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Virginia law professors, judge elected to American Law Institute

Three Virginia law school professors and a Virginia federal judge have become members of the American Law Institute.

The ALI announced that Aditya Bamzai of the University of Virginia School of Law, James Y. Stern and Lynda L. Butler of the College of William & Mary Marshall-Wythe School of Law and United States District Judge M. Hannah Lauck have been elected to the institute as part of the 60-person class of new members.

Bamzai joined the University of Virginia School of Law faculty in 2016, where he teaches administrative law, civil procedure, computer crime and conflicts of law. He has argued before numerous federal courts of appeal, including the U.S. Supreme Court in Ortiz v. U.S. in 2018. Prior to joining the UVa. faculty, he served as an attorney-adviser in the Office of Legal Counsel of the U.S. Department of Defense and worked in private practice. According to UVa., Bamzai is the 32nd member of the UVa. law school faculty currently affiliated with the ALI.

Stern joined the College of William & Mary faculty in 2013, where he has taught intellectual property, property and torts. He has been published in legal journals including the Harvard Law Review and the Michigan Law Review and has been cited by numerous courts. Stern previously served as deputy general counsel at the U.S. Department of the Treasury and clerked for U.S. Supreme Court Justice Anthony Kennedy. As an attorney, he participated in litigation involving intellectual property in various capacities.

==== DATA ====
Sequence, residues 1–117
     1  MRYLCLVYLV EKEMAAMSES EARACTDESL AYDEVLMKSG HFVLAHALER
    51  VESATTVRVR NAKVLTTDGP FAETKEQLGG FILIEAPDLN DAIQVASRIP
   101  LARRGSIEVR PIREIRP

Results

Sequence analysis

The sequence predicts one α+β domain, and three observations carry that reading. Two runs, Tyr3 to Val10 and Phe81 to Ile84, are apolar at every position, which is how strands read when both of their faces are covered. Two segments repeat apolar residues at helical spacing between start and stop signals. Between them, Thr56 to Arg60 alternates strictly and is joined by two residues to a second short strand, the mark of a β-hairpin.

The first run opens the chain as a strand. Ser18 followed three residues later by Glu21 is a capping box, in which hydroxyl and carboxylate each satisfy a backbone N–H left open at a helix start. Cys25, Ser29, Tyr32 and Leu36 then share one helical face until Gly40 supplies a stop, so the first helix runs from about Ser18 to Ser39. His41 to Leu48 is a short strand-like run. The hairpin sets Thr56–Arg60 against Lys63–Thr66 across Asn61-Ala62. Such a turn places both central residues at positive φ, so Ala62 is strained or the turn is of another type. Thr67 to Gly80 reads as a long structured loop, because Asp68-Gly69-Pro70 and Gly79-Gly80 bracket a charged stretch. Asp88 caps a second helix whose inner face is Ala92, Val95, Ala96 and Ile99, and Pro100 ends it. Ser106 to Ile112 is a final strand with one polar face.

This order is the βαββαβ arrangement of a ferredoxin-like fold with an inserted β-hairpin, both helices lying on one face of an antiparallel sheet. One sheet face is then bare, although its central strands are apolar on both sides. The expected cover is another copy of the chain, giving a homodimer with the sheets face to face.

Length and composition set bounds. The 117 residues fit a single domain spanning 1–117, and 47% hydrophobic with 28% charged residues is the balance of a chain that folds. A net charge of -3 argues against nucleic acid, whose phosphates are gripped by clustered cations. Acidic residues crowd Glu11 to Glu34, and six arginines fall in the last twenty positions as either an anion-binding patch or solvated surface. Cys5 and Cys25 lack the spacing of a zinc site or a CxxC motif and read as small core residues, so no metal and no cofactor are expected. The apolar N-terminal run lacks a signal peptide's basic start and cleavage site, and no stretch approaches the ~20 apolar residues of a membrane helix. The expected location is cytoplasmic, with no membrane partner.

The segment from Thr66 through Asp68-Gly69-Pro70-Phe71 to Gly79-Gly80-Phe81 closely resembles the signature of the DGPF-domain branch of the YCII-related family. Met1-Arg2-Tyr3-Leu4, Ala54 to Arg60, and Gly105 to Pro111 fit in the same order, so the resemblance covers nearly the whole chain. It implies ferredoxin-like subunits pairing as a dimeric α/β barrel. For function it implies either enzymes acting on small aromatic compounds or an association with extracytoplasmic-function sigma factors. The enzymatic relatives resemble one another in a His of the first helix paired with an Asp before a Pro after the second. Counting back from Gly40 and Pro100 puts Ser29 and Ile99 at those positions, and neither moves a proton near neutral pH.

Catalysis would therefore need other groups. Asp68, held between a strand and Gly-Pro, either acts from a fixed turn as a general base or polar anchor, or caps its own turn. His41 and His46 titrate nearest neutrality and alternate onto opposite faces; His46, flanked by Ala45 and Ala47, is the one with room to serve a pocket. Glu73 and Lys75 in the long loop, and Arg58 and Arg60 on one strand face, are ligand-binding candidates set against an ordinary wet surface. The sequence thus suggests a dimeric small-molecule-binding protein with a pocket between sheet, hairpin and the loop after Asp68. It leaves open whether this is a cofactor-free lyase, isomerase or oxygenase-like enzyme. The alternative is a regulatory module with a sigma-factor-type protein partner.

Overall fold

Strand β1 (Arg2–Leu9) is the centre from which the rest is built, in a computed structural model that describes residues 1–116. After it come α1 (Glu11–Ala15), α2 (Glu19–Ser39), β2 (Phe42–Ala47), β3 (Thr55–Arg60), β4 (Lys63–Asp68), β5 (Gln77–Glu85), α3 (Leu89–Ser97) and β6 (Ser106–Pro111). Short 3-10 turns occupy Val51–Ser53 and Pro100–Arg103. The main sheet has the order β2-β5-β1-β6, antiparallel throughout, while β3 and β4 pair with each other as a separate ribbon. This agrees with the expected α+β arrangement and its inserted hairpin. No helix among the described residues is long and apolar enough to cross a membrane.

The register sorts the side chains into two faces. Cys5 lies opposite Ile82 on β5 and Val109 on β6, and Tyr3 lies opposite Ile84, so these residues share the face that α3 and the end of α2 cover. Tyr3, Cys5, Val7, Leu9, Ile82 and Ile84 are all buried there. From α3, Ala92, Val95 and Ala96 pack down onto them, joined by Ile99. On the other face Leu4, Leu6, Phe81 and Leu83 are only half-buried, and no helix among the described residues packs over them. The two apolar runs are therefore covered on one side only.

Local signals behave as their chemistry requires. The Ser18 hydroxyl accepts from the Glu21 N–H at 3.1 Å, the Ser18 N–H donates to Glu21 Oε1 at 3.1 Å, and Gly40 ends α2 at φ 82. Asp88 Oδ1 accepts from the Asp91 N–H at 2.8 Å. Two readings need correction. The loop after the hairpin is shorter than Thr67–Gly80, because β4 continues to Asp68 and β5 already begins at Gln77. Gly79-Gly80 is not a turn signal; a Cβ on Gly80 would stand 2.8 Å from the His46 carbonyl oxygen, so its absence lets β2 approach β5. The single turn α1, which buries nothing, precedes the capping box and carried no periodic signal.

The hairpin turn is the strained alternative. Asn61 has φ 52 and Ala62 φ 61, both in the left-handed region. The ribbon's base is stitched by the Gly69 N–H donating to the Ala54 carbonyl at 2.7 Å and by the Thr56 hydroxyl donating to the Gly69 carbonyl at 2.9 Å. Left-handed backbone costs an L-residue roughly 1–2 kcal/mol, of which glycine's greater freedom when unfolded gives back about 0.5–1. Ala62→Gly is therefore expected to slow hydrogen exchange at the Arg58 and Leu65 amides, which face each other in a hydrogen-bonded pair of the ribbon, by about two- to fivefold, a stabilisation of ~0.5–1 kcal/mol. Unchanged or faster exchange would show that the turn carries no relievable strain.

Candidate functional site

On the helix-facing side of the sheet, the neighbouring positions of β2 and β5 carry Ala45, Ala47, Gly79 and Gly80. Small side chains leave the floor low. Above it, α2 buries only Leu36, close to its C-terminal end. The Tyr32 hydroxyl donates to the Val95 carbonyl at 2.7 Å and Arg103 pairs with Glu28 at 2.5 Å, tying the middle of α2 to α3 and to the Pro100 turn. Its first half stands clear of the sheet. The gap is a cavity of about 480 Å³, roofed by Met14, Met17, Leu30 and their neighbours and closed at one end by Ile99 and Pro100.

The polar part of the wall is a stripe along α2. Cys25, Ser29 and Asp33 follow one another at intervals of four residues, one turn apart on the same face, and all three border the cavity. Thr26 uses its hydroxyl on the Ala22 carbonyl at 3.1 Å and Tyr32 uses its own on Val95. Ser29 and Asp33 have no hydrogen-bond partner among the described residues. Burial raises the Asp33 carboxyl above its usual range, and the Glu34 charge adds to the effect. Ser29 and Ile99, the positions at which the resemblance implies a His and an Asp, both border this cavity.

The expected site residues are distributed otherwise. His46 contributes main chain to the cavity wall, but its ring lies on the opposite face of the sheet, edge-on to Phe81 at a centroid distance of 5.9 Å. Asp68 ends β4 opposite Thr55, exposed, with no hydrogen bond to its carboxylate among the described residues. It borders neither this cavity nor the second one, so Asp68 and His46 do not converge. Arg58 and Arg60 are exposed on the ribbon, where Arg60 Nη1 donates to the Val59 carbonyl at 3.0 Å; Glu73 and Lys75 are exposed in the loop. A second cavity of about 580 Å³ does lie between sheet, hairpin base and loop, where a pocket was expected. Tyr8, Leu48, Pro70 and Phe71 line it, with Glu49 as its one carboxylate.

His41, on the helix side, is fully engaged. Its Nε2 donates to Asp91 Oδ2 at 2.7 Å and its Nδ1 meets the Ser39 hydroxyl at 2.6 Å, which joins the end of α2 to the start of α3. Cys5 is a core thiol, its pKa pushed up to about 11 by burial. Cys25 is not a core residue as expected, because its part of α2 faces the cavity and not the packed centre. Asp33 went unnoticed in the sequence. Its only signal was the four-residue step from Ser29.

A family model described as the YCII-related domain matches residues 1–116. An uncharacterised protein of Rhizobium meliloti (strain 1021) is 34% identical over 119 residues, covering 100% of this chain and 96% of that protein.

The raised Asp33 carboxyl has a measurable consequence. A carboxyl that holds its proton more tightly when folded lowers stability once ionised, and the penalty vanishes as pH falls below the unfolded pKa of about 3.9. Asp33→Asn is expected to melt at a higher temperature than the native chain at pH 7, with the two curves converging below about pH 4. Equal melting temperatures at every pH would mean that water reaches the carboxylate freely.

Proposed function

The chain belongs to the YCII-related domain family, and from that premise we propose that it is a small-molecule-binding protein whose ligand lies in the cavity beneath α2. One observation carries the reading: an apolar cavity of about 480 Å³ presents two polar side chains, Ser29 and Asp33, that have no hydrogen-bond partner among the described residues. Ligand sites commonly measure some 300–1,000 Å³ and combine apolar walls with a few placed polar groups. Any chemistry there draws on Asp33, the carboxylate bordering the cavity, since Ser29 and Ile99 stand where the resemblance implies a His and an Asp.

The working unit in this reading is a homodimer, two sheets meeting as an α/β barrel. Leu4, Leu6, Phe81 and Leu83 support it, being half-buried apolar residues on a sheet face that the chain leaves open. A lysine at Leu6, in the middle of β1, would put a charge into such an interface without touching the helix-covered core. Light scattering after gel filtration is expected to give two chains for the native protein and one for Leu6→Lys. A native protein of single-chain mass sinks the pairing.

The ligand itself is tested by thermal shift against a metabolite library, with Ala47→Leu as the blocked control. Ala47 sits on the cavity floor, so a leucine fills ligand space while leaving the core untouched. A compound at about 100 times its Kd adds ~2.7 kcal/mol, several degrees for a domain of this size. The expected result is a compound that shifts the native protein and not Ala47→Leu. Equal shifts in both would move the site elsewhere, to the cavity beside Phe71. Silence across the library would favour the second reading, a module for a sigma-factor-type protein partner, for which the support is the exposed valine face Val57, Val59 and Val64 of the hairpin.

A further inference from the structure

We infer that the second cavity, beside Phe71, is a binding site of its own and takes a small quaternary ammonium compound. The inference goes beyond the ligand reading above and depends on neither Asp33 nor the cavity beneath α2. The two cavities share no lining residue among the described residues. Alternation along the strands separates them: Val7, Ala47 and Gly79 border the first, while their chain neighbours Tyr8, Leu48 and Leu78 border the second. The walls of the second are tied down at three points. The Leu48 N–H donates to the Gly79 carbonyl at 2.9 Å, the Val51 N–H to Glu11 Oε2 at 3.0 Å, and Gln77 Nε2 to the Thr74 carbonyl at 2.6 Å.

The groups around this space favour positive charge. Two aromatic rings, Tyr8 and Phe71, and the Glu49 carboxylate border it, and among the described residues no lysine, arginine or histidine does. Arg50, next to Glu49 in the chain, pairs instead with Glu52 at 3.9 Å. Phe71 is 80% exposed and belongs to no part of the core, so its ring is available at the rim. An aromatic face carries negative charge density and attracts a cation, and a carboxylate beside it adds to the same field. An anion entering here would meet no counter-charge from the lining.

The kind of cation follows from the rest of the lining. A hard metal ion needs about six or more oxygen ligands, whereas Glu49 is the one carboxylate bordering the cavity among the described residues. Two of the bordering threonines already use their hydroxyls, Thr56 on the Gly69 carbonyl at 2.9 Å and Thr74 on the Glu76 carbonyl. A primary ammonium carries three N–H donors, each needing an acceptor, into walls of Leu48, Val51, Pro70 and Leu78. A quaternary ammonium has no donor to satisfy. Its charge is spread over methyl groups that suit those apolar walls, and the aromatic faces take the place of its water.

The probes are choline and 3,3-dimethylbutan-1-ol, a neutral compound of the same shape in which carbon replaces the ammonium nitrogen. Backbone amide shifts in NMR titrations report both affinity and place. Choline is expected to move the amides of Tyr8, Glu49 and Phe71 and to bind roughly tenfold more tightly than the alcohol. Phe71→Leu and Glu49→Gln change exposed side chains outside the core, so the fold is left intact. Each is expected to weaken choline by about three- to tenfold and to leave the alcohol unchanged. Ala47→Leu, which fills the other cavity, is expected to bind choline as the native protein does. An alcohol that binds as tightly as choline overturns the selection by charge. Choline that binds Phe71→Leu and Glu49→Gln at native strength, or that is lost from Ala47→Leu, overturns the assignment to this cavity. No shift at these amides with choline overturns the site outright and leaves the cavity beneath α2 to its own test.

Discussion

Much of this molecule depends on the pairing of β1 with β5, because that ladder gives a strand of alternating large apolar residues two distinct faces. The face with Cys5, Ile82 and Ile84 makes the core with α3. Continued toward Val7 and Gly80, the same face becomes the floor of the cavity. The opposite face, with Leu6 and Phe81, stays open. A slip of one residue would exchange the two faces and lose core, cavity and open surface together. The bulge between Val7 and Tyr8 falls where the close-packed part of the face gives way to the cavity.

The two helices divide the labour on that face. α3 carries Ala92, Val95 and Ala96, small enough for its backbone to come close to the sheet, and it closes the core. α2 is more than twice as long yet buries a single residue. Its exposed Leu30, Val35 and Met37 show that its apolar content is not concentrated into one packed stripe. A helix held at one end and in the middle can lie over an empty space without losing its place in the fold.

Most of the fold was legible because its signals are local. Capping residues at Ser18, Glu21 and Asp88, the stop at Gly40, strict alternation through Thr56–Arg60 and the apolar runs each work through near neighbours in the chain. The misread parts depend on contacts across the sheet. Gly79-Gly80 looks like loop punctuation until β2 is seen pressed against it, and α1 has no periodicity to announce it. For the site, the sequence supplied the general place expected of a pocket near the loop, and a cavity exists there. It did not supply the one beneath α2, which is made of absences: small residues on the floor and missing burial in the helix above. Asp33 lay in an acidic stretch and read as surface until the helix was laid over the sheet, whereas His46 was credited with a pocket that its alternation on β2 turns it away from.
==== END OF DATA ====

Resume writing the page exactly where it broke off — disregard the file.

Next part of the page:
Butler is currently the Chancellor Professor of Law, Emerita, and Director of the William & Mary Property Rights Project at the College of William & Mary Marshall-Wythe School of Law. She previously practiced law in Washington, D.C. and was a visiting professor at Ohio State University. Butler served as interim dean for the William & Mary Law School from 2008 through 2009.

Lauck has served as a judge in the Richmond Division of the U.S. District Court for the Eastern District of Virginia since 2014, the first woman to hold that position. Prior to becoming a district judge, Lauck served as a U.S. magistrate judge in the Eastern District for nearly a decade and taught at the University of Richmond School of Law. In 2019, the Virginia State Bar Criminal Law Section awarded Lauck the Harry L. Carrico Professionalism Award.

Founded in 1923, the ALI’s website describes the institute as “the leading independent organization in the United States producing scholarly work to clarify, modernize, and otherwise improve the law.”

According to the ALI website, the institute “elects individuals who reflect the excellence and diversity of today’s legal profession.” Potential new members, who can be judges, lawyers or law professors, are nominated confidentially by a current ALI member.